If your ancestors immigrated before the mid-19th century, their separation from home and family across the Atlantic was more complete than we can even imagine in this era of instantaneous global communication. A letter took at least 10 days by ship to reach Europe; not even the wealthy could get word overseas any faster.
In New York City, a 100-gun salute greeted the news that telegraphy had at last bridged the Atlantic. Church bells rang, flags flew and all night long, the city’s lights glowed with celebration. Cyrus West Field, the American businessman behind the project, was hailed as a modern Prometheus.
The “glorious” triumph would last only one month, however. Beneath the waves, the cable’s insulation began to deteriorate. An excess of voltage, applied in hopes of speeding transmission — that historic first telegram took 16 ½ hours to transmit — fried the already vulnerable wires.
Trans-Atlantic telegraphy wouldn’t be permanently restored for eight years, when the largest ship of the day, the Great Eastern, succeeded in laying a new cable in July 1866 — finally realizing a dream that dated almost to the invention of the telegraph.
Even before Samuel Morse sent his historic “What hath God wrought?” message in 1844, he’d experimented in New York Harbor with a submerged wire insulated by India rubber and tarred hemp. Besides the sheer length and weight of cable required to span the Atlantic, the technical challenge was how to keep the electric current from escaping into the ocean.
Gutta-percha, a sticky gum from an Asian tree, arrived in Europe just in time. Scottish surgeon William Montgomery, who’d encountered gutta-percha while employed by the British East India Co., brought some home in 1842 to use for surgical gear. In 1850, a gutta-percha-coated cable crossed the English Channel, and within two years, telegraphy linked London to Paris.
Enter Cyrus West Field. Born in Massachusetts in 1819, a teenage Field started out as an office boy for A.T. Stewart & Co., New York City’s first department store. By age 20, the enterprising Field was a partner in the E. Root paper company. He retired at 33 with a fortune of $250,000. Field would die in 1892 bankrupt from bad investments, but not before realizing his vision for a trans-Atlantic cable.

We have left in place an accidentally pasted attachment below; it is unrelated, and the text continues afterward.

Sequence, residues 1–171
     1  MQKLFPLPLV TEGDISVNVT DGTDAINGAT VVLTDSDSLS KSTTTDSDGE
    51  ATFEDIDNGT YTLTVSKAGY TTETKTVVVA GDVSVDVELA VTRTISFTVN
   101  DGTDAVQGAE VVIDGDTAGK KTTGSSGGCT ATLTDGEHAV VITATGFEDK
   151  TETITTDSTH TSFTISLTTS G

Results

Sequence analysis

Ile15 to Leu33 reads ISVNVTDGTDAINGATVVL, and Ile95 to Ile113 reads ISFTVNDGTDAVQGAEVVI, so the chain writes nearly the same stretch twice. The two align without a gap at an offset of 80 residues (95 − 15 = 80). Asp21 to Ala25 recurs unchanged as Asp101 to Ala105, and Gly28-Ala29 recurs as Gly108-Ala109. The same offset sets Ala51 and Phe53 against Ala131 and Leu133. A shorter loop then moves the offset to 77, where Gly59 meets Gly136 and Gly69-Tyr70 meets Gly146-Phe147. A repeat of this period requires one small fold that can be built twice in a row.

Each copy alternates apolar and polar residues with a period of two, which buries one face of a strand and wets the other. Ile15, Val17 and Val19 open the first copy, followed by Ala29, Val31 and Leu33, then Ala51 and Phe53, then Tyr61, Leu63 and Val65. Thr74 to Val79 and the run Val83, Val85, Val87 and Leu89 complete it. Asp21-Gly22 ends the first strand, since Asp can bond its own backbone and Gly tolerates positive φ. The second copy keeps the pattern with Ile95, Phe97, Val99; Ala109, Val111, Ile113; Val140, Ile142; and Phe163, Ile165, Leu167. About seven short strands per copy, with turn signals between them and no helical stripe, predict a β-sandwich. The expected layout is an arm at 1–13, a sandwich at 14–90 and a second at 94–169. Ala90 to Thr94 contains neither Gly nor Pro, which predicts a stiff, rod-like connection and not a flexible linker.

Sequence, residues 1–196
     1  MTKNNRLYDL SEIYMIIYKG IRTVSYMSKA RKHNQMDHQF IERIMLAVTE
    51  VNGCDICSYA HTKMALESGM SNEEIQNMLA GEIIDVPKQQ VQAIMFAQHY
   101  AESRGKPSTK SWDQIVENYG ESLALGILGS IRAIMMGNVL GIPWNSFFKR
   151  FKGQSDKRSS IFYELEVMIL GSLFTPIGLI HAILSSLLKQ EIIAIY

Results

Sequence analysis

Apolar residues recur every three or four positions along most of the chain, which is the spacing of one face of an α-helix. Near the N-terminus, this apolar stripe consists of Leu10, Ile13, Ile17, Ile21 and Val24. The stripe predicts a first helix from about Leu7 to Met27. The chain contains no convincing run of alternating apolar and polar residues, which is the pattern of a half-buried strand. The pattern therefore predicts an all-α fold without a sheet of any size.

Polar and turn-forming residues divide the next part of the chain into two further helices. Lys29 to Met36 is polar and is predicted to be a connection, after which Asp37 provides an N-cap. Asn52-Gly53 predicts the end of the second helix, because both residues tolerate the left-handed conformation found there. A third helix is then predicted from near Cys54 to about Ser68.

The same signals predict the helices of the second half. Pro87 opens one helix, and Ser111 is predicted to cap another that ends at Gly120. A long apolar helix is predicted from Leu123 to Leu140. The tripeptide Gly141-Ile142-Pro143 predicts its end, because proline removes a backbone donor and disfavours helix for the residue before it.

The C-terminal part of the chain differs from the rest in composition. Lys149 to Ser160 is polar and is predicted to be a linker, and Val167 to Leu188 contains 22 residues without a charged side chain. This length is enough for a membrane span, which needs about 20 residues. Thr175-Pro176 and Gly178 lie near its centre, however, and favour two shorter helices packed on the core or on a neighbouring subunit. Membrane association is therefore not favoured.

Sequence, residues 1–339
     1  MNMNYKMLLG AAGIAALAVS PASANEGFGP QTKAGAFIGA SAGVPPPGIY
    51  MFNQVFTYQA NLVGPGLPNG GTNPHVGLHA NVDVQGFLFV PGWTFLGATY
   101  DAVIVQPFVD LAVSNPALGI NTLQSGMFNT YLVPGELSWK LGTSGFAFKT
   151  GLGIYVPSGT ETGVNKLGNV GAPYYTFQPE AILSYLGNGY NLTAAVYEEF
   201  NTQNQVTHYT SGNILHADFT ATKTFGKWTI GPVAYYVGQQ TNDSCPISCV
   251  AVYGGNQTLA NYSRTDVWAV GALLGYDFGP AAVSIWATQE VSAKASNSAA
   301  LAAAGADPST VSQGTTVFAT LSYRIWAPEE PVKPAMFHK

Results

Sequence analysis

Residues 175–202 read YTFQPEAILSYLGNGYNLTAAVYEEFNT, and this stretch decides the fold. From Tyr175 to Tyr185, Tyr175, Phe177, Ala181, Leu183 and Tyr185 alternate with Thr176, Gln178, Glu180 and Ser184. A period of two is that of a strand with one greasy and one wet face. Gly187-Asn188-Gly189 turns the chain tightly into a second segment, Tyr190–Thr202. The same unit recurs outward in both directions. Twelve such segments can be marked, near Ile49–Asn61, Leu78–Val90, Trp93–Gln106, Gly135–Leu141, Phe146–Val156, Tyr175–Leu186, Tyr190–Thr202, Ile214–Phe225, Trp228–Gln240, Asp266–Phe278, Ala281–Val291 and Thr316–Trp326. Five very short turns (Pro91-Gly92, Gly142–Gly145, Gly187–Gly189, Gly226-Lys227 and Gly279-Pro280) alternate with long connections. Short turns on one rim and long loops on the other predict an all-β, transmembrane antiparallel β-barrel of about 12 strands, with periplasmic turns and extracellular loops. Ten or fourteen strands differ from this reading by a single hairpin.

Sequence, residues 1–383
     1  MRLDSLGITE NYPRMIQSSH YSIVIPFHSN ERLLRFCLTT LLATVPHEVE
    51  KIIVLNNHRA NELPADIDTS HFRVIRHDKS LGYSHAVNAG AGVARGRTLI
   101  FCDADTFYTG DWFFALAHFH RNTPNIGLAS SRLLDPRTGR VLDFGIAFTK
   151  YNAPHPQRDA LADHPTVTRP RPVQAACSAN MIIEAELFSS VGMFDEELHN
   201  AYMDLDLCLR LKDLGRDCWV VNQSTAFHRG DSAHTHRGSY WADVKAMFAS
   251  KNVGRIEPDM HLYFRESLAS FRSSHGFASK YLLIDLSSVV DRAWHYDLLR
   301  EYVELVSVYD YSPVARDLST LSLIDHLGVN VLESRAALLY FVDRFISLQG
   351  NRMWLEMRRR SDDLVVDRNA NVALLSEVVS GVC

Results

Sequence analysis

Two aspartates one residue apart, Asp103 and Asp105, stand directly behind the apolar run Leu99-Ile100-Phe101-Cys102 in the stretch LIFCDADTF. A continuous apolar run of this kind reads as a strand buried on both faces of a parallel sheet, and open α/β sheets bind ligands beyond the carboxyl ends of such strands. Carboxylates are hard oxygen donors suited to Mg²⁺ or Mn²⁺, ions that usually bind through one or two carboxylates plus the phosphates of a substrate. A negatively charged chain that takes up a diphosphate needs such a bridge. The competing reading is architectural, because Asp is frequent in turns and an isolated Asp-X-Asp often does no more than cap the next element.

He’d gotten that idea in part from Nova Scotia telegraph engineer Frederick Newton Gisborne, who’d conceived the more-modest notion of linking Cape Ray, Newfoundland, to Aspy Bay, Nova Scotia, across the Cabot Strait. The initial benefit was that passing ships could drop off the latest news from Europe, to be transmitted to New York City 48 hours before the ships could get there. Although Gisborne’s effort collapsed, it earned him an invitation to meet Field. With Field’s backing, Cabot Strait was crossed by cable in 1856.
Next, Field set his sights across the Atlantic. He founded the Atlantic Telegraph Co., seeding it with his own capital and convincing the British government to subsidize the project with ships and 14,000 pounds a year. Similar backing narrowly passed the Anglophobic US Congress, squeaking through the Senate by a single vote.
An initial effort in 1857 set off from the Irish coast near County Kerry’s Ballycarbery Castle. But after two cable breaks, work was abandoned until the next summer.
A total of 3,000 nautical miles of cable were produced for the project, including 700 miles to replace cable lost in the 1857 attempt. The cable comprised seven copper wires, each weighing 107 pounds per nautical mile, wound with tarred hemp, then sheathed in a spiral of iron wires. The Agamemnon and Niagara each carried half the Atlantic-spanning length, meeting in the middle of the ocean June 26, 1858, to splice the pieces together. After three breaks, however, the whole process had to be repeated, splicing again on July 29.
Public support evaporated. It took Field six years to raise the funds to try again, and several more failures before the Great Eastern successfully laid 2,300 nautical miles of cable in 1866. When the ship also recovered a cable that had snapped in a try the year before, two permanent working telegraph lines connected Europe with America.
Dial up these resources to learn more about the trans-Atlantic telegraph cable:
• American Experience: The Great Transatlantic Cable
• The Atlantic Cable by Bern Dibner
• BBC Radio: “A Wire Around the World” broadcast
• History of the Atlantic Cable and Undersea Communications
• Locust Grove: The Samuel Morse Historic Site
2683 South Road, Poughkeepsie, NY 12601, (845) 454-4500, <www.lgny.org>
• Online: 150 Years on the Net
• Transatlantic Telegraph
• Underwater Web: Cabling the Seas